dotnet add package Microsoft.AspNetCore.Blazor.HttpClient --version 3.2.0-preview3.20168.3

To learn about the .NET CLI and Paket CLI, check out this guide and this guide, respectively.

Note: Here we are installing the Blazor HttpClient package.

Communication between components

The React way

React gives us two main approaches by default for handling state in your components.

A component can either handle its own state or data, or they can accept data via props.

In dealing with the HTTP section, we’ll see how a component handles its own state.

Here’s how a component accepts data via props from its parent component in a React app:

// Parent Component

export default function Blog() {
    const blogPosts = [
            id: 1,
            title: 'This is the title',
            content: 'This is some random content',
            id: 2,
            title: 'This is the title',
            content: 'This is some random content',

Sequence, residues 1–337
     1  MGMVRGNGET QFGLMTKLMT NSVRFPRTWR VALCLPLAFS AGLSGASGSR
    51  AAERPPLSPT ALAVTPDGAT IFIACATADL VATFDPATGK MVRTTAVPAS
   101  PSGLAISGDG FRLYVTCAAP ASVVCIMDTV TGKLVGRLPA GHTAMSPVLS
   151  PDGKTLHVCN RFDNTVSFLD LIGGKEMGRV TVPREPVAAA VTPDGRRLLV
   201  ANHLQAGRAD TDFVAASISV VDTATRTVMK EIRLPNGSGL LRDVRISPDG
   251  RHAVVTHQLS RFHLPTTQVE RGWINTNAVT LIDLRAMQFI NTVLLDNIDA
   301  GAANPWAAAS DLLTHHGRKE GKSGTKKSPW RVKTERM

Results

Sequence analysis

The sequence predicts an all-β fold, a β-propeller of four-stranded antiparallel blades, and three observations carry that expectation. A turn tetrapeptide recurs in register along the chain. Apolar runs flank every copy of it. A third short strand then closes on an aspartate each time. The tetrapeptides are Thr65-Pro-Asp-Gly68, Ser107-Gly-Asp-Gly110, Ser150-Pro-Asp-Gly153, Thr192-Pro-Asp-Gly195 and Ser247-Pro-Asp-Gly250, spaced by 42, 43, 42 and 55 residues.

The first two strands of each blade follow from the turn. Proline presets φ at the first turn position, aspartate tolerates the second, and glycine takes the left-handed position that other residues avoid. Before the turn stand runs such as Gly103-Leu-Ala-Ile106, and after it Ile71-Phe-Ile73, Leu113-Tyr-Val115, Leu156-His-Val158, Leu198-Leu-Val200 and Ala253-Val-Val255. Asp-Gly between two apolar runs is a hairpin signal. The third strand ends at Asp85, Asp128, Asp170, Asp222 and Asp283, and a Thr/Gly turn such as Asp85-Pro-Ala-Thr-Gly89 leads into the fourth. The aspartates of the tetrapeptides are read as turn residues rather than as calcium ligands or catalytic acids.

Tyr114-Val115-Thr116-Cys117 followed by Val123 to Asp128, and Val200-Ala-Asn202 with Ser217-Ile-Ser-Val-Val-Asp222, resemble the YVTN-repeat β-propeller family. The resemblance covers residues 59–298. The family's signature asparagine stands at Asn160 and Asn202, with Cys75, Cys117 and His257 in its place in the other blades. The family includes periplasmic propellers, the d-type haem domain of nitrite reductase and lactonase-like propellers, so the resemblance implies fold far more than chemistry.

id: 3,
            title: 'This is the title',
            content: 'This is some random content',
            id: 4,
            title: 'This is the title',
            content: 'This is some random content',
    return (
            <BlogCard blogPosts={blogPosts}/>

Here, we passed in blogPosts, which is an array of objects containing blog posts, to the BlogCard component (child component):

// Child Component

export default function BlogCard( { blogPosts } ) {
    return (
            {blogPosts.map(blogPost => (
                <div className="blog-post" key={blogPost.id}>

Now, when we render the child component BlogCard, we can pass in the list of blog posts via props.

To learn more about props in React, check out the official docs.

The Blazor way

In Blazor, a child component can receive data from its parent components via parameters.

// Child Component
@code {    
   // Demonstrates how a parent component can supply parameters